Alfred Hitchcock didn’t need a therapist or 12-Step group to discuss his obsessions and compulsions. Instead, the master of suspense was such an exhibitionist when it came to his emotional baggage, he embedded evidence of his most deviant impulses (voyeurism: “Rear Window”) and compulsive behavior (his signature profile silhouette wasn’t exactly his most flattering angle) throughout his body of work.
As a result, the personal revelations often feel like old news in “Hitchcock,” the new biopic, opening today, based on Stephen Rebello’s Alfred Hitchcock and the Making of Psycho, which stars Anthony Hopkins in the title role and Helen Mirren as his long suffering wife and collaborator. The film does, however, deliver a few unexpected discoveries in its portrait of the artist as a paranoid madman, who quieted his demons by bingeing on beautiful blondes, late-night comfort food, and most significantly, books. Some of Hitchcock's best scenes capture the august filmmaker poring over an early copy of Psycho.
In fact, taken as a whole, Hitchcock’s filmography offers a glimpse at a carefully curated bookshelf containing some of the most innovative and subversive literary fiction of his time. Incidentally (or not), Hitch favored female writers with a taste for tragedy or transgression. And if it’s true that you are what you read, Hitchcock’s source material arguably provides a better (rear) window onto the man behind the (torn) curtain than any biography or biopic. So, let's continue from where we left off with a syllabus of books that inspired his films.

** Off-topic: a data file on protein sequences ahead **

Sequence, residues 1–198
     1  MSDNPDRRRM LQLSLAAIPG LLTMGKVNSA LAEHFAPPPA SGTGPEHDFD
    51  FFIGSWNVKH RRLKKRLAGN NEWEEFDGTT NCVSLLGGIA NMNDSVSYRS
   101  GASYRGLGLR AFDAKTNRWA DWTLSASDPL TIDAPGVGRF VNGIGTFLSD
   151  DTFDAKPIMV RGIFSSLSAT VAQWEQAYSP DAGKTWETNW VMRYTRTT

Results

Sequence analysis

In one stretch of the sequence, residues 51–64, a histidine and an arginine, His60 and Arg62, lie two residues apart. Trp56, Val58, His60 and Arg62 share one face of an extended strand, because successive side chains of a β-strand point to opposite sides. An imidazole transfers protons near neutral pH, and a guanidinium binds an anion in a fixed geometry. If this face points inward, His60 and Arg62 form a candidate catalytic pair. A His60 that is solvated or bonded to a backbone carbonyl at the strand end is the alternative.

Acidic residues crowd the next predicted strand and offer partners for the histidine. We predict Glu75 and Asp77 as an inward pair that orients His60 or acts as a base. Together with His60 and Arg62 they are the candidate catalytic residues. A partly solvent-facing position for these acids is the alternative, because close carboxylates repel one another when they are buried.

Based on: Enter Sir John by Clemence Dane
Worth noting: Dane was an eccentric English novelist and playwright whose versatility knew no bounds. Best known for her mystery novels and her dramatic play “A Bill of Divorcement,” which was adapted into the eponymous film, starring Katharine Hepburn and John Barrymore; Dane also wrote the screenplay for the Greta Garbo version of “Anna Karenina.”
Based on: Ashenden by W. Somerset Maugham
Worth noting: This collection of short stories, based on Maugham’s experience as a British intelligence officer in WWI, became the prototypical secret agent saga, without which James Bond and Jason Bourne might not exist.
Based on: Shilling for Candles by Josephine Tey
Worth Noting: A venerable voice in the long tradition of female British mystery novelists, Tey’s The Daughter of Time was voted the greatest mystery novel of all time by the British Crime Writers’ Association.
Based on: Rebecca by Daphne Du Maurier
Worth Noting: Du Maurier wove elements of crime fiction into a Brontë-esque 19th Century romance and spawned one of the biggest literary blockbusters of her time.
Based on: Original screenplay by Dorothy Parker
Worth Noting: A testament to Hitchcock’s taste for female literary firebrands, he tapped the wittiest wordsmith in New York letters to write the screenplay for this mistaken identity thriller.
Based on: Vertigo by Pierre Boileau
Worth noting: Boileau worked as part of the French crime collective, Boileau-Narcejac, which produced the cerebral policiers that formed the basis for films such as “Diabolique” and “Eyes Without a Face.”
Based on: The Birds by Daphne Du Maurier, published in the short story collection The Apple Tree
Worth noting: Du Maurier’s wrote this novella about a farm community attacked by kamikaze seagulls after watching a farm hand fend off an avian ambush.
Based on: Topaz by Leon Uris
Worth noting: Uris, known for his hefty bestselling works of historic fiction, was originally hired to adapt his Cold War spy novel but abandoned the project when Hitchcock was unsatisfied with the complexity of his villains.
Further Reading on Hitchcock: